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Publication numberUS2735699 A
Publication typeGrant
Publication dateFeb 21, 1956
Filing dateJan 23, 1951
Publication numberUS 2735699 A, US 2735699A, US-A-2735699, US2735699 A, US2735699A
InventorsWilliam H. Chadbourne
Export CitationBiBTeX, EndNote, RefMan
External Links: USPTO, USPTO Assignment, Espacenet
chadbourne
US 2735699 A
Abstract  available in
Images(2)
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Claims  available in
Description  (OCR text may contain errors)

Feb. 21, 1956 w. H. CHADBOURNE 2,735,699

SNAP FIT PLASTIC PIPE CONNECTOR ASSEMBLY Filed Jan. 23, 1951 2 Sheets-Sheet l INVEN 0R. 4%,// J44 @XM zi zfi ATTORN EY Feb. 21, 1956 w. H. CHADBOU N SNAP FIT PLASTIC PIPE CONNECTOR ASSEMBLY 2 Sheets-Sheet 2 Filed Jan. 23, 1951 ATTORNEY United States PatentO g 2,735,699 SNAP FIT PLASTIC PIPE comcron ASSEMBLY William H. Chadbourne, Evanston, Ill., assignor to The Danielson Manufacturing Company, a corporation of Connecticut Application January 23, 1951, Serial No. 207,385 2 Claims. (Cl. 285-71) The present invention relates to pipe connectors, and has particular reference to the construction of pipe connector assemblies for low pressure tubing installations.

The principal object of the invention is to provide an improved connector assembly for copper tubing and other smooth surface piping, which is assembled and locked by press fit.

Another object of the invention is to provide an improved tubing connector assembly having parts made of slightly yielding plastic material, and particularly nylon.

A further object of the invention is to provide a basic connector assembly T and associated parts, which may be assembled for line connections, T connections, elbow connections, and for extensions, reduced piping, and threaded pipes, as desired.

With the above and other objects and advantageous features in view, the invention consists of a novel arrangement of parts more fully disclosed in the detailed description following, in conjunction with the accompanymg drawings, and more specifically defined in the claims appended thereto.

In the drawings,

Fig. 1 is a view, partly in section, of an illustrative line connector assembly;

Fig. 2 is a sectional detail of the basic T of the assembly;

Fig. 3 is a section on the line 3-3 of Fig. 1;

Fig. 4 is a view of a closure plug, partly in section;

Fig. 5 is a view of a line adaptor, partly in section;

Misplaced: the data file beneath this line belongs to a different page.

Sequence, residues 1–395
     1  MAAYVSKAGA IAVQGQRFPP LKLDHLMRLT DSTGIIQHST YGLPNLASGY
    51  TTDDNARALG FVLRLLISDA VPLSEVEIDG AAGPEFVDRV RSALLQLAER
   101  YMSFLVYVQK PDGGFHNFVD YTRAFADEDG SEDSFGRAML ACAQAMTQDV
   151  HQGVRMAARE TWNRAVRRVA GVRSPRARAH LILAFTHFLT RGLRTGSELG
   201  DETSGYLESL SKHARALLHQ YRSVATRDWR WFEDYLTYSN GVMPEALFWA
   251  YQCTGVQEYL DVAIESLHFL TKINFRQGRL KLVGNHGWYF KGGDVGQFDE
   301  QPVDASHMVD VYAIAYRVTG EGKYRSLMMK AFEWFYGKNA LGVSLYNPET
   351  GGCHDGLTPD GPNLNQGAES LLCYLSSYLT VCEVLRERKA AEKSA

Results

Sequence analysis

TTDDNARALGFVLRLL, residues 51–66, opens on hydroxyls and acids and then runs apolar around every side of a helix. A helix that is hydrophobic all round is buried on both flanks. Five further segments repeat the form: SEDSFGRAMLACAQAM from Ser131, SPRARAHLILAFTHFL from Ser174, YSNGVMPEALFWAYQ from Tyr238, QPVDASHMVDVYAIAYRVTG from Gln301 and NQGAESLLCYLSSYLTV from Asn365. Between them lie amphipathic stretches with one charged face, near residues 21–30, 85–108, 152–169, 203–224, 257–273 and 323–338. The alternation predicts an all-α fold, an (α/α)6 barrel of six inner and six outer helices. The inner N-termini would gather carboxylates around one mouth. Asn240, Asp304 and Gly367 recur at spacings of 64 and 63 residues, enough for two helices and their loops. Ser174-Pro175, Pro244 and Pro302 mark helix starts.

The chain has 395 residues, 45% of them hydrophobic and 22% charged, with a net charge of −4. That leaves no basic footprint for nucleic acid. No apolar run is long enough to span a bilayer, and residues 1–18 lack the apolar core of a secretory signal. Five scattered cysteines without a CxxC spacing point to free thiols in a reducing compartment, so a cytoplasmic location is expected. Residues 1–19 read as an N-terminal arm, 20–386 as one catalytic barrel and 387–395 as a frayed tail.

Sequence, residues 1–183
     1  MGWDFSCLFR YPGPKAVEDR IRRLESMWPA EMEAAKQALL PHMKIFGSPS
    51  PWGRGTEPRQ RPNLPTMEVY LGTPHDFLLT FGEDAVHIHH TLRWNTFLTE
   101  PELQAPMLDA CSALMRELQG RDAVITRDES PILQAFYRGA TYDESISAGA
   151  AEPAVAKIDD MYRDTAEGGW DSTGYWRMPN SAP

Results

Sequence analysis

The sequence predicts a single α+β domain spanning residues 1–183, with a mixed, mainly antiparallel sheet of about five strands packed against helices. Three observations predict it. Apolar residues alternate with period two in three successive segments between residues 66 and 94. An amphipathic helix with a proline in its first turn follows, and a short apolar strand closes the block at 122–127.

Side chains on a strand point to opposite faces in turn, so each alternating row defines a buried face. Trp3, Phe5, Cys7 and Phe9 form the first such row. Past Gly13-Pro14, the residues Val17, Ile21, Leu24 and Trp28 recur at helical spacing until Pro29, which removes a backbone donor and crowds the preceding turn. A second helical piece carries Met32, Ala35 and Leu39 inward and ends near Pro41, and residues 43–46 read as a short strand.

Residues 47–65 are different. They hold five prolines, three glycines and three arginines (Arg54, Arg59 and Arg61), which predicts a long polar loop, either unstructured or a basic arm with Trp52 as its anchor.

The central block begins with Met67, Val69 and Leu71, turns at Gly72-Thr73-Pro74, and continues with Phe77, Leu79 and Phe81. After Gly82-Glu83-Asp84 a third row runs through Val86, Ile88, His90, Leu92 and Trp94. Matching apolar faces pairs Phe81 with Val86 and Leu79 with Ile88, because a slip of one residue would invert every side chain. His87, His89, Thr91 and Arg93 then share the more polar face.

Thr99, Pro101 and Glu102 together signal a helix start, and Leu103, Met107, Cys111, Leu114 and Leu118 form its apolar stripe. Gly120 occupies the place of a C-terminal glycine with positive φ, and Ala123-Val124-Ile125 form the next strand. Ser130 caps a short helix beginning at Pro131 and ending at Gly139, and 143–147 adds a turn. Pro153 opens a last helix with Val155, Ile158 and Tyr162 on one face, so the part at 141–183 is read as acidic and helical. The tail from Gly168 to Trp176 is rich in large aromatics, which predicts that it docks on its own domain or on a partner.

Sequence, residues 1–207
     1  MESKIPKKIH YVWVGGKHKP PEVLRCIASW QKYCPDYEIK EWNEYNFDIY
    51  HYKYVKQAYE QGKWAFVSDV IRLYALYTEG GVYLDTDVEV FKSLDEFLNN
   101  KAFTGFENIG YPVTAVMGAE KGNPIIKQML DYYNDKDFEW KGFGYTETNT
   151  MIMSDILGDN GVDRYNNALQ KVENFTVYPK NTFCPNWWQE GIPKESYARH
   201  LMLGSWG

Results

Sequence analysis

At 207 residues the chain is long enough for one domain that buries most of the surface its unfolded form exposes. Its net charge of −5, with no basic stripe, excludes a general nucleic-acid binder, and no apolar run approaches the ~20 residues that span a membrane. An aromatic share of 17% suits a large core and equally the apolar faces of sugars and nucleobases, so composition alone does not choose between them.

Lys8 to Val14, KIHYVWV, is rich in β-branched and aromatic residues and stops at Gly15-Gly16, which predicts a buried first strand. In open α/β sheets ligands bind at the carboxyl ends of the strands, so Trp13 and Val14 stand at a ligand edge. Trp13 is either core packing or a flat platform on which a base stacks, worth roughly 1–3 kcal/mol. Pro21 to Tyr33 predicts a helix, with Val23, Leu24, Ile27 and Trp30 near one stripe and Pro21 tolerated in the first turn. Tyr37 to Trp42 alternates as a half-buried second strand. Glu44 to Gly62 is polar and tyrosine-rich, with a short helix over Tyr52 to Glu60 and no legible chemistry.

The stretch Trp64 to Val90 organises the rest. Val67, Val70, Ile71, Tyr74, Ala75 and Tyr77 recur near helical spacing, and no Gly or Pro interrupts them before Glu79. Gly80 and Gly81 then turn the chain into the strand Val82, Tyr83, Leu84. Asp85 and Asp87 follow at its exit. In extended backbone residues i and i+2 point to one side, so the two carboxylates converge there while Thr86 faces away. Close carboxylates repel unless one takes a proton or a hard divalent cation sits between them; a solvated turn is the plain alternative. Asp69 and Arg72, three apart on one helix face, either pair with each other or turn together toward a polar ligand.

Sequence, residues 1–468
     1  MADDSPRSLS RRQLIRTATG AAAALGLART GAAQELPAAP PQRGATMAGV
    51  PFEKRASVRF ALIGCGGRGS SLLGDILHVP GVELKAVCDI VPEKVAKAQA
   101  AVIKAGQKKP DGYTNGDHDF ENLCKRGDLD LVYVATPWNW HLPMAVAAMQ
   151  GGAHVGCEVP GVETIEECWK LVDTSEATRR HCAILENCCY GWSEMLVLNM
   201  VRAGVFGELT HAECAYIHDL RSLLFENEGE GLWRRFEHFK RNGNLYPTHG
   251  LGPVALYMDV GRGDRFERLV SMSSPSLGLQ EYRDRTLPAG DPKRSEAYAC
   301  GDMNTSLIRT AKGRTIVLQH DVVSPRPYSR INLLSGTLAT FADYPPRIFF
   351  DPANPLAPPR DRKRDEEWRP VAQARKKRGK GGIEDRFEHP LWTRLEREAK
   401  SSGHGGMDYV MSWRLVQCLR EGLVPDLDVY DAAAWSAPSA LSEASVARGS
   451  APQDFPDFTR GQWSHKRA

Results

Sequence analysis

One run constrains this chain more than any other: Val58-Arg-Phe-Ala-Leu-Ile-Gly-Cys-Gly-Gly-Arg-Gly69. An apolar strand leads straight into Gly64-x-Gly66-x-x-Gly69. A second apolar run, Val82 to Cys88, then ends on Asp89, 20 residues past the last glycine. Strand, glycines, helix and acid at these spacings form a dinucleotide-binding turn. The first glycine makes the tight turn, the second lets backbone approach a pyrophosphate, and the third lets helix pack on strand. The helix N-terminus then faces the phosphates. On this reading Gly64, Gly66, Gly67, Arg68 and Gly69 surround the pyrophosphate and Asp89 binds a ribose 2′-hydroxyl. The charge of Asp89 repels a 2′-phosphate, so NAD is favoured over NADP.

Fig. 6 is a sectional view of a reduction piping adaptor;

Fig. 7 is a sectional view of an adaptor for threaded pipe; and

Fig. 8 is a sectional view of a connector element for connecting assemblies together.

It has been found desirable to provide a connector assembly which is particularly suitable for copper tubing and other smooth surface metal piping, and which may be assembled by press fit to tightly hold against the low pressures encountered in many piping applications. I have therefore devised a plastic type assembly, the preferred material being nylon, which includes a basic T and asso ciated parts adapted to be assembled into selected pipe connections, the associated parts being designed to press fit and lock against separation.

Referring to the drawings, an illustrative assembly 10 is shown in Fig. 1, comprising a basic T 11, two adaptors 12, 13, and a closure plug 14. The basic T 11 is of generally T shape, with a central flow passage 15 and three flow sockets 16, 17 and 18 of uniform size, each socket being of shell form with an outwardly extending ring flange 19 of slightly larger diameter than the diameter of the central flow passage to provide an annular abutment shoulder, the outer surface of the flange being tapered inwardly as indicated at 19a and the inner surface being cylindrical as indicated at 1% and then tapered inwardly as indicated at 19c as illustrated, whereby a conical tip with parallel inner and outer walls is provided. A pierced handle element 20 may be provided for securing the connection to a hook or to a suitable support.

The line adaptor 12, see Fig. 5, is of tubular form and has a nipple 21 adapted to seat in one of the sockets, the nipple 21 being internally bored to correspond to the flow passage diameter and being generally cylindrical on its outer surface and slightly tapered at its inner end as indicated at 210, and has a tubing grip portion 22 of slightly greater internal diameter for receiving a metal tubing end, the internal surface being concave as shown by the reference numeral 23, and terminating in an outwardly tapered portion 23a. A rear annular bead 24 is spaced from the outer surface of the nipple with its inner wall inclined as indicated by the reference numeral 24a to be parallel to the tapered portion 21a, to provide an annular recess 25 whereby a conical channel is provided in which the socket ring flange end is received and the nipple 21 seats in the flange 19 with press fit to provide a substantial lock sufiicient to securely hold the parts together under low pressure fluid flow conditions.

Any socket opening of the base T may be closed oil by a closure plug 14, see Fig. 3, which has a stepped cup portion 26 having a cylindrical outer wall with an inwardly tapered lower portion 26a and an annular bead 27 having its inner wall tapered as indicated at 27a to conform to the portion 26a, and forming an annular recess 28 with the cup portion outer wall whereby the cup portion seats into the flange of the socket and receives the flange into the recess 28 with a press fit.